of the plains might or might not hate been
the Comanches. Mystery still surrounds their
existence. Shrouded in mystery also is the
existence of a Pueblo-like race that dwelt
along the Canadian canyon and the breaks at
the edge of the plains Apparently they had
ceased to live in this territory when Coronado
explored it in 1541-43
The range of cultural status among the
aboriginal tribes of Texas was approximately
as wide as the range of culture of the Indians
of the North American continent, excluding
consideration of the Aztec, Maya and other
cultures of Mexico. No Indian of North
America was more ruthlessly opposed to the
advancing white man than was the Comanche,
nor was there a better example of the nomad
The Caddo represented the opposite extreme
in way of life. While the Comanches were
a less "civilized" people than the Caddoes,
they had a relatively high order of intelli-
gence as indicated by their aptness in utiliz-
ing the horse and in their sign writing. Al-
most equaling the Comanches in ferocity, the
Karankawas lived at the lowest cultural level
among Texas Indians.
Karankawas and Attakapas.
On the Texas coast at the dawn of historic
times were several fish-eating tribes with a
distinctly coastal culture The Kai ankawas
were the most powerful, extending southwest-
ward from the Brazos River. possibly as far
as the Rio Grande. It was among these
Indians that Cabeza de Vaca and his com-
panions spent their first years of wandering
and slavery in Texas. They were indolent
ferocious and of low intelligence By all
accounts they were cannibals. Though rela-
tively small in numbers they gave much trou-
ble to the Spanish and, later the colonies of
DeWitt and Austin. Always a small tribe,
their number was greatly diminished in a
battle with the Spanish in 1744, but they per-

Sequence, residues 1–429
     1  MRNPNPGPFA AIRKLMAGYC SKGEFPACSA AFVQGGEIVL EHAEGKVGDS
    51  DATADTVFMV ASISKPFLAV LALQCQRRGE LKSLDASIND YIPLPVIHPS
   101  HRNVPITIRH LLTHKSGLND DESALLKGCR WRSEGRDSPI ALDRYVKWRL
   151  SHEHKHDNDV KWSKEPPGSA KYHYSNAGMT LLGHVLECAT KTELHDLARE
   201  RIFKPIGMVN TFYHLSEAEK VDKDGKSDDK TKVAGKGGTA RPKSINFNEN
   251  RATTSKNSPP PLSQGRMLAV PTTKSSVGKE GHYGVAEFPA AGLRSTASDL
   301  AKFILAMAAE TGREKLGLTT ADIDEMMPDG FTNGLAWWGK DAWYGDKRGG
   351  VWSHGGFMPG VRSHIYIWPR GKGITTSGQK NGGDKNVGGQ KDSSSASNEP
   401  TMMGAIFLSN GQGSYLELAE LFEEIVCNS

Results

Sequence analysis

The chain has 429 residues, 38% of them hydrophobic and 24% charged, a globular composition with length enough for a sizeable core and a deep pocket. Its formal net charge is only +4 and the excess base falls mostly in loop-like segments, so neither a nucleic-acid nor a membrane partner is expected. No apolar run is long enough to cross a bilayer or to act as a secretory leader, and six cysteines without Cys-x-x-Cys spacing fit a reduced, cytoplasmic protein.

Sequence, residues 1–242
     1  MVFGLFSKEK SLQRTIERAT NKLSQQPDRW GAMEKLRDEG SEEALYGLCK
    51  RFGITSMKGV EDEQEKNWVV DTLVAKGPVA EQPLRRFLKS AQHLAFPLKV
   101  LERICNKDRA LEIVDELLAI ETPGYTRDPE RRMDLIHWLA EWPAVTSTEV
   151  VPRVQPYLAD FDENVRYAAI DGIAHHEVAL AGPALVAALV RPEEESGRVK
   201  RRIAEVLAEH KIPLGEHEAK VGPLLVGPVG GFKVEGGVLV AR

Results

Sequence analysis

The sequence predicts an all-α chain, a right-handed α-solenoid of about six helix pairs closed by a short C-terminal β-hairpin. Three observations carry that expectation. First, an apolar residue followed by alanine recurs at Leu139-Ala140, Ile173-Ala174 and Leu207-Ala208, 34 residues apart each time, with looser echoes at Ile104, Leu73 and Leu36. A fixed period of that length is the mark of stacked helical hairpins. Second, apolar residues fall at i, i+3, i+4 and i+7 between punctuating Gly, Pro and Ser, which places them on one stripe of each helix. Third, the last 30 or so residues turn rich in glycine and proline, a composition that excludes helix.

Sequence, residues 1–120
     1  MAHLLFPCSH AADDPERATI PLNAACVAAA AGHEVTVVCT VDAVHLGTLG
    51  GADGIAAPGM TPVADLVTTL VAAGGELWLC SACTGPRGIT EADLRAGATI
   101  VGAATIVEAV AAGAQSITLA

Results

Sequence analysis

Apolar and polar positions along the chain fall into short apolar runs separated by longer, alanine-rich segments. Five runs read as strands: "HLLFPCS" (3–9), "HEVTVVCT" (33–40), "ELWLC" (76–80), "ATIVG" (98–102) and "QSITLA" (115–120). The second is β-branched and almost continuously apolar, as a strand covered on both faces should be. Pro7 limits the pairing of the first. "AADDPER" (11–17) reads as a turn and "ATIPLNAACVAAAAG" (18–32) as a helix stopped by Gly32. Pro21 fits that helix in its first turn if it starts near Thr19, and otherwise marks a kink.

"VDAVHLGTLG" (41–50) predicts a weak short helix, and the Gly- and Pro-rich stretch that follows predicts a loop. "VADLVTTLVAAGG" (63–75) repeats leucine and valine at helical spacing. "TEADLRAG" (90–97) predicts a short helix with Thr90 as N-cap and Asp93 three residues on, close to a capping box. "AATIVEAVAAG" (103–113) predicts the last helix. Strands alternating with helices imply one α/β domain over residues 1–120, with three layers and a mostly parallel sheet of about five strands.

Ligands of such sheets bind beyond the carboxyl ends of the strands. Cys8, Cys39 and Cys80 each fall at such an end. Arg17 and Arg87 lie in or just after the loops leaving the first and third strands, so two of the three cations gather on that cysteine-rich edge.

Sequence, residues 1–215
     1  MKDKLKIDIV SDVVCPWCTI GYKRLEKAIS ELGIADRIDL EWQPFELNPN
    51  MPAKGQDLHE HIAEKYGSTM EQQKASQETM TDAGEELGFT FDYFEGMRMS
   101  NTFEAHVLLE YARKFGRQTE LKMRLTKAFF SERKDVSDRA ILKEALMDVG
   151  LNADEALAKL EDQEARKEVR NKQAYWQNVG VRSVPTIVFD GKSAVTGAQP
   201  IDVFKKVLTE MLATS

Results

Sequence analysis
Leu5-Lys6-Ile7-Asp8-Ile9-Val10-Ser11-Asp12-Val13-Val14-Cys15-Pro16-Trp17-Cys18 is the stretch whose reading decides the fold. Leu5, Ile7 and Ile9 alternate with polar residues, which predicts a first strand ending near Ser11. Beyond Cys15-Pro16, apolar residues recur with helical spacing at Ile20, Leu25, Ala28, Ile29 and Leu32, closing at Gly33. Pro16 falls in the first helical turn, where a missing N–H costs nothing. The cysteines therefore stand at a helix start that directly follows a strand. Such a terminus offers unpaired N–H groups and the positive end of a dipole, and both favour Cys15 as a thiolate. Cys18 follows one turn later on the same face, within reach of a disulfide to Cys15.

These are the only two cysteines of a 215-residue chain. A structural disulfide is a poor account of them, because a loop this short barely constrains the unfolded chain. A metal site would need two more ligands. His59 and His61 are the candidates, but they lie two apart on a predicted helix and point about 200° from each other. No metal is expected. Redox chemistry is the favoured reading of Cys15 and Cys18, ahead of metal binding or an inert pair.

sisted In making trouble as late as 1834, when
only fifteen or twenty families were left.
The Attakapas were a relatively small tribe
living along the coast east of the Karan-
kawas. Some authorities class them in the
same llngulstlc group as the Karankawas,
but this is not ce aln. They were a fish-
eating tribe, of mu lower intelligence than
the Caddoes and apparently cannibalistic.
Below San Antonio, extending southwest-
ward into the Rio Grande Valley and possibly
as far southeastward as the Gulf coast below
Corpus Christi, lived the Coahuiltican tribes
when the Franciscan fathers first entered
Texas. It was among these Indians that the
Catholic fathers had considerable success in
gaining converts to the Christian religion.
They were weak tribes, however, and were
driven southward by the Lipan Apaches when
the latter were pressed by the Comanches.
These small tribes lingered along the lower
Rio Grande for some years, filtering into
Some authorities have put the Coahuiltican
tribes in the same racial group with the
Karankawas and Attakapas, but there is little
to substantiate this opinion, according to best
accounts of the Coahuilticans, who were not
primarily a coastal tribe, were not cannibal-
istic, and were decidedly peaceful A safer
assumption is that the Coahuilticans were
related to tribes living beyond the Rio
Living in Central Texas in the %icmity of
present Bexar, Comal, Guadalupe. Hays,
Bastrop, Travis. Williamson Bell and Mc-
Lennan Counties, were the Tonkawas They
were a peaceful people, having many of the
characteristics of the Caddoes. thouh appar-
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Texas Almanac, 1943-1944, book, 1943; Dallas, Texas. (texashistory.unt.edu/ark:/67531/metapth117165/m1/55/: accessed June 22, 2017), University of North Texas Libraries, The Portal to Texas History, texashistory.unt.edu; crediting Texas State Historical Association.